6. Try Different Camera Angles for Various Looks

Camera angles that are different from eye level work well in yoga photography. They are lively and exciting and let you emphasize other aspects of the yoga poses. Taking a shot from a low angle makes the yoga practitioner look stronger.

You can do the opposite and take a photo from a high angle. This emphasizes your model’s face, and these photos are usually quite flattering.

A man doing an arm balance side-crow pose shot a low angle as an example of yoga photographyA man doing a pigeon pose shot at a high angle as an example of yoga photography

7. Shoot Numerous Poses for a Good Variety

Yoga poses can be divided into general groups. They can include standing, sitting, back bending, arm balances, etc. You can build up a great yoga photo session by including a few poses from each group.

Combine poses from different groups with different locations and distances from your model. You end up with a great variety of photos to choose from. This also increases your chances of getting that perfect shot.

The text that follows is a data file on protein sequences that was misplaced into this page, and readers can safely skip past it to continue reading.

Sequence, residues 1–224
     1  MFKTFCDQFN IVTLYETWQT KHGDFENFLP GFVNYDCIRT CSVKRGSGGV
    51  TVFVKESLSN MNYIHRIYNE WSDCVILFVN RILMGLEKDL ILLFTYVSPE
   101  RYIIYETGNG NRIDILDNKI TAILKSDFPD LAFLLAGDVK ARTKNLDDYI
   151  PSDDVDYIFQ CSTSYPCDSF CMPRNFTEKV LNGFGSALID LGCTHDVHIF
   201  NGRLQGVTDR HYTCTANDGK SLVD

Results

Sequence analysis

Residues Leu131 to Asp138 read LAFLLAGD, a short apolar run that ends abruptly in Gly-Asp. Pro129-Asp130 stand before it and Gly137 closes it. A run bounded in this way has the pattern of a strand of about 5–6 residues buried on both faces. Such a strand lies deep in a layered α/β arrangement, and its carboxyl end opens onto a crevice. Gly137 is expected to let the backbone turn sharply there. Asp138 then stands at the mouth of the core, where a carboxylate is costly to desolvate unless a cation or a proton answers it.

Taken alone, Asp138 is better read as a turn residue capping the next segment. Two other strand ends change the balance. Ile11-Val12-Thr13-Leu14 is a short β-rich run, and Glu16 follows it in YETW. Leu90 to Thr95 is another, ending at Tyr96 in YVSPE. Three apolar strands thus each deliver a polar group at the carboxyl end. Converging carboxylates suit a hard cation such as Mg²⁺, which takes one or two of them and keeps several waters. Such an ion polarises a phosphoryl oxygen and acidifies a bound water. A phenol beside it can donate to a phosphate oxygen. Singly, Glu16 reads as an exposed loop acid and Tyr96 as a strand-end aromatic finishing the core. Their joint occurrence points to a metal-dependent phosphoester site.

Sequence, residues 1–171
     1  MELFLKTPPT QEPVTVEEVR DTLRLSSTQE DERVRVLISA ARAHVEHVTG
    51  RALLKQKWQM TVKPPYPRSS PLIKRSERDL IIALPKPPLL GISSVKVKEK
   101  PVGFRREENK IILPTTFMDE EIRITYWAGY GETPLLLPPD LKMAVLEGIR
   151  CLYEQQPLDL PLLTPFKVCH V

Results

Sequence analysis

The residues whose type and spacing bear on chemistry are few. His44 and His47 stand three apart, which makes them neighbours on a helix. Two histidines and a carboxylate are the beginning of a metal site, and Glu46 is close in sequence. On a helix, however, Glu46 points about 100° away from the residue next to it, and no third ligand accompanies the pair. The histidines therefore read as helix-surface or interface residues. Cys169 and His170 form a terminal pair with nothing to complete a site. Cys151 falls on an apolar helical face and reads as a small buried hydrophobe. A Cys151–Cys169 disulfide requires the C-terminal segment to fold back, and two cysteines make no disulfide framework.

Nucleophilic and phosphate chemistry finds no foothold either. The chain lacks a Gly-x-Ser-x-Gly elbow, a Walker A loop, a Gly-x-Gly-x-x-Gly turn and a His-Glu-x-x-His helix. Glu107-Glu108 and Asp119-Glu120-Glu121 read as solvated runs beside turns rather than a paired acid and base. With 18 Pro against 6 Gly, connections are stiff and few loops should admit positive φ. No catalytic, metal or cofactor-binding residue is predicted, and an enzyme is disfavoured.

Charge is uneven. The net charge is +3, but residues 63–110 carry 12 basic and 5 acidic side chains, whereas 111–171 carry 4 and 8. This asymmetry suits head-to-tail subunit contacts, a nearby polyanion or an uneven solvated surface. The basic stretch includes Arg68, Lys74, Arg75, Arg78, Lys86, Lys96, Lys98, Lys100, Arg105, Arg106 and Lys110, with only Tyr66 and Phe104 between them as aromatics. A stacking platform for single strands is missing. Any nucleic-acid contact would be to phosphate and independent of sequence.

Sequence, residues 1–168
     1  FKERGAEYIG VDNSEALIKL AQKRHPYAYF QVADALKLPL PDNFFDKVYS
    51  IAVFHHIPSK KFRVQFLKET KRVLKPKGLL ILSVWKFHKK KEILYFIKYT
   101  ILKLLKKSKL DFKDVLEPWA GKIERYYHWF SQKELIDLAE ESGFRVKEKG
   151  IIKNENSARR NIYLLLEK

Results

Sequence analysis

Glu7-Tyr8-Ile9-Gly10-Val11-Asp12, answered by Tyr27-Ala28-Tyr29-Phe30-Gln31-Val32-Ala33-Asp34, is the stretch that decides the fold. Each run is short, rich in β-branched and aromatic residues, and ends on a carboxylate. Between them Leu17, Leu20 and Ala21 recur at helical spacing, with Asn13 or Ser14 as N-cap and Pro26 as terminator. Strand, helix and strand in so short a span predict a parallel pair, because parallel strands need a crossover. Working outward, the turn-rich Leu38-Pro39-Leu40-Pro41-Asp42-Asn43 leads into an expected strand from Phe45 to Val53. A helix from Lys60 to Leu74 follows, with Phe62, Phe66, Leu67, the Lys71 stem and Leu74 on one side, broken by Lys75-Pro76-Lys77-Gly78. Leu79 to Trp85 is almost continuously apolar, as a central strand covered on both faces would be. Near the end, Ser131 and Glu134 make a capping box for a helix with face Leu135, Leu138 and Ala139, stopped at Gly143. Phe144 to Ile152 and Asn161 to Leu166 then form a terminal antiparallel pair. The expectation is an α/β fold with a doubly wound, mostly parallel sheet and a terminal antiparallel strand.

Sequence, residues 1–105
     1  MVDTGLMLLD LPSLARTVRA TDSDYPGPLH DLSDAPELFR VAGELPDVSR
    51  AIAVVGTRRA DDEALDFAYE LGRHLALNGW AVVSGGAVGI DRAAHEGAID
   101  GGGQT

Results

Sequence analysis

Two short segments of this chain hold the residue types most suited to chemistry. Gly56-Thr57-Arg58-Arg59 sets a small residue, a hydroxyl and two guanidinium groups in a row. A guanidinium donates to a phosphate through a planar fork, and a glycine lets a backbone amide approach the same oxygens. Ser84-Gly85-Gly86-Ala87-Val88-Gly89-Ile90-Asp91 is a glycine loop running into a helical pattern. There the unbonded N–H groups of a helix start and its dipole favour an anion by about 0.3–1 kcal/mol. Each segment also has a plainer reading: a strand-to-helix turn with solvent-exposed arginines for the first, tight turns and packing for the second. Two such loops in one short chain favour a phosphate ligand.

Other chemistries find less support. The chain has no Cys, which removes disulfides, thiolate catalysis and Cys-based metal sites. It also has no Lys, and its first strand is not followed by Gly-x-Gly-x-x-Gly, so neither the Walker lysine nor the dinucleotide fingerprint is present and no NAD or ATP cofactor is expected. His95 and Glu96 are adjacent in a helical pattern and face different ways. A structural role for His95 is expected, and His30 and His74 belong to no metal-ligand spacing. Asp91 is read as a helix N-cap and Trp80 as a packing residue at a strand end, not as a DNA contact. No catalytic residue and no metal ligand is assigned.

Yogi doing a sukhasana sitting pose on rocks as an example of yoga photographyYogi doing a warrior two pose by water as an example of yoga photographyYogi doing a headstand outside as an example of yoga photography

Unsplash photos by Jaspinder Singh. Shot with a Sony a7 IV. 85mm, f/1.4 (left). 1/800 s, ISO 80, 85mm, f/1.4, 1/125 s (middle). ISO 50, 85mm, f/1.4, 1/200 s, ISO 50 (right).


8. Let Models Look at Photos to Ensure Correct Posing

Letting your models see the photos helps them correct their stances and poses. A yogi won’t use a photo in which they pose incorrectly. Since they can’t see themselves while posing, they will want to see the photos before moving to the next pose.